Premiums and Tax Credits Under the Affordable Care Act vs. the American Health Care Act: Interactive Maps
These maps compare county-level estimates of premiums and tax credits under the Affordable Care Act (ACA) in 2020 with what they’d receive under the American Health Care Act (AHCA) as unveiled March 6 by Republican leaders in Congress.
The maps were updated on March 21, 2017 to show estimates of how much a person buying their own insurance would have to pay under both the ACA and the House replacement bill. The maps include premium tax credit estimates by county for current ACA marketplace enrollees at age 27, 40, or 60 with an annual income of $20,000, $30,000, $40,000, $50,000, $75,000, or $100,000.
Note: As of May 4, 2017, the AHCA would allow states to waive certain consumer protections, including essential health benefits, community rating and age rating. If a state takes up such a waiver, the premium amounts for that state in this interactive would no longer be applicable. For example, enrollee costs could depend on their health status, with healthy people paying less and sicker people or those with pre-existing conditions paying more. The map also does not include cost-sharing assistance under the ACA that lowers deductibles and copayments for low-income marketplace enrollees. For example, in 2016, people making between 100 – 150% of poverty enrolled in a silver plan on healthcare.gov received cost-sharing assistance worth $1,440; those with incomes between 150 – 200% of poverty received $1,068 on average; and those with incomes between 200 – 250% of poverty received $144 on average.
Generally, people who are older, lower-income, or live in high-premium areas (like Alaska and Arizona) receive less financial assistance under the AHCA. Additionally, older people would have higher starting premiums under the AHCA and would therefore pay higher premiums. Because younger people with higher-incomes and living in lower cost areas would receive more financial assistance and would have lower starting premiums on average, they would pay lower premiums on average.
Most current Healthcare.gov enrollees have lower incomes:
- About 66% of have incomes at or below 250% of poverty (approximately $31,250 for a single individual in 2020), with the bulk (44% of all enrollees) having incomes at or below 150% of poverty (approximately $18,750 in 2020).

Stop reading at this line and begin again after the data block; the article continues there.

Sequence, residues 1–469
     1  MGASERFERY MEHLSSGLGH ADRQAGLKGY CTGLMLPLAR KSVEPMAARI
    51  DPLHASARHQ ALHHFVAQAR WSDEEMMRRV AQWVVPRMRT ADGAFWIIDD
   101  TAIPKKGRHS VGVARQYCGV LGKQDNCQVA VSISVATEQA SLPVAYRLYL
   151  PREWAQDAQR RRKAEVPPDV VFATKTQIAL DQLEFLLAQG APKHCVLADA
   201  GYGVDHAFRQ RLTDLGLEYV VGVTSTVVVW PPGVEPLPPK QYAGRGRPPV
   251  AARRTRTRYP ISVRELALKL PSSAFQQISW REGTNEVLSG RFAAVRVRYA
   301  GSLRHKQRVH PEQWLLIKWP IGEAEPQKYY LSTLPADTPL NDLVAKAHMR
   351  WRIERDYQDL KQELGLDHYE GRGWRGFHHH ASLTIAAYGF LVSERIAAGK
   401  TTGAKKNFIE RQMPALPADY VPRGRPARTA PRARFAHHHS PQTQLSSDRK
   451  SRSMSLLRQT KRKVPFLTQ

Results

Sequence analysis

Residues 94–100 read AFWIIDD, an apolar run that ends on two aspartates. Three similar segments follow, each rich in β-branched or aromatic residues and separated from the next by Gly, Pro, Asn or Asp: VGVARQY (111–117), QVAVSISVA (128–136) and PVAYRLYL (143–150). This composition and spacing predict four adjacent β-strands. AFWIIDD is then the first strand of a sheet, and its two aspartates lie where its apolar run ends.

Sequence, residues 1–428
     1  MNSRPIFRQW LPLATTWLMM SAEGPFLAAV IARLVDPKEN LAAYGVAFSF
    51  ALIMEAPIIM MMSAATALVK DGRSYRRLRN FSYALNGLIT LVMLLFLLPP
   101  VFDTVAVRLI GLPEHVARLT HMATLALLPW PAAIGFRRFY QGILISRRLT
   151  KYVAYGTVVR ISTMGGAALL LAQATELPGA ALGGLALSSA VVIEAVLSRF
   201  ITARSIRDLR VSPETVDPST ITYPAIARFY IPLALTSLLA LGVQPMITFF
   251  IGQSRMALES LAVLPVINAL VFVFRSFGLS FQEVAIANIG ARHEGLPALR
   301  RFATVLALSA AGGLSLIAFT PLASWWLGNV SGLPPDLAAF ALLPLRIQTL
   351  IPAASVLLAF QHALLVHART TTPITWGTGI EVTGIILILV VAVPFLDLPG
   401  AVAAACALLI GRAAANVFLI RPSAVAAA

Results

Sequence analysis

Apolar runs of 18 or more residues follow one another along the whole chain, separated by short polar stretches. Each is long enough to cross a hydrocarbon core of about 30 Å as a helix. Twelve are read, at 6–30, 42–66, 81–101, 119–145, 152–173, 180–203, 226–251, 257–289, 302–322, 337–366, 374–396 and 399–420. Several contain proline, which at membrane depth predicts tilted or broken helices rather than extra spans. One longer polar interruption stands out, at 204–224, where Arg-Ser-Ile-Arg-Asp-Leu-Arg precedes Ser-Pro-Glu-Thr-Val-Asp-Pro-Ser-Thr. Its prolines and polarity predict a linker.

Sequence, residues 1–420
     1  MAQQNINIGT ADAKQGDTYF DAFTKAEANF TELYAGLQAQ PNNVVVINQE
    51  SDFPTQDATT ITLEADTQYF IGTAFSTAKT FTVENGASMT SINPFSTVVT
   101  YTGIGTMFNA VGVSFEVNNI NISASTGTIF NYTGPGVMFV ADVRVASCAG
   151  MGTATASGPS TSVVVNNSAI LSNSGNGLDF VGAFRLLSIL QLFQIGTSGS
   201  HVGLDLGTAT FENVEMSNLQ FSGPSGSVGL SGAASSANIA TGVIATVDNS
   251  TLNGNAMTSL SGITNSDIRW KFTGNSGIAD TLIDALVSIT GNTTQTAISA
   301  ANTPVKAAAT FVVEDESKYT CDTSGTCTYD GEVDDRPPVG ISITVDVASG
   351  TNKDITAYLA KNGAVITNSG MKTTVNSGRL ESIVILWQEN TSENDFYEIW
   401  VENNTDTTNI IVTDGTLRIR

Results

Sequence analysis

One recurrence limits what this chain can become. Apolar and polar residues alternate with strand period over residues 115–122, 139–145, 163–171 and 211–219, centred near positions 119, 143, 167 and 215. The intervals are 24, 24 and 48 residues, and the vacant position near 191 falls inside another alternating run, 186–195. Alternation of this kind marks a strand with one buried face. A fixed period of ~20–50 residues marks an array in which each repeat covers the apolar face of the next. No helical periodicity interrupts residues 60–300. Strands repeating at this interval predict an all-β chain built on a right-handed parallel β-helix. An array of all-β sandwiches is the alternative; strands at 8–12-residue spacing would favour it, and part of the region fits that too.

- About 36% of enrollees are under age 35, 37% are age 35 to 54, and 27% are 55 or older.
Both the ACA and the American Health Care Act include tax credits in their approach. However, the law and the proposal calculate credit amounts differently: the ACA takes family income, local cost of insurance, and age into account, while the replacement proposal bases tax credits only on age, with a phase out for individuals with incomes above $75,000.
For more on the subject, go to How Affordable Care Act Repeal and Replace Plans Might Shift Health Insurance Tax Credits.
Our method of estimating premiums before tax credits under the AHCA is based on Congressional Budget Office (CBO) projections, which suggest that the premium for a 40-year-old under the AHCA would be similar to the premium for a 40-year-old under the ACA, before accounting for tax credits and for the same level of coverage. We therefore assume that the premium before tax credits for the second-lowest cost silver plan under the ACA is equal to the premium for a similar plan (with 70% actuarial value) under the AHCA for a 40-year-old. To arrive at the 60-year-old and 27-year-old premium under the AHCA, we use a 5:1 age curve, since the AHCA would change age rating from 3:1 to 5:1. We assume that states that have set their own age curves with ratios smaller than 3:1 (i.e. New York, Vermont, Massachusetts, and the District of Columbia) would maintain their state-specific age curves under the AHCA.
A second interactive map below displays the same information as in the first map, but with a focus on the share of one’s income that would be spent on a silver plan premium under both the ACA and the AHCA. Like the map above, it does not include cost-sharing assistance available for lower-income enrollees in the ACA, nor does it account for changes that may be made to increase the amount of financial assistance available to older enrollees in the AHCA.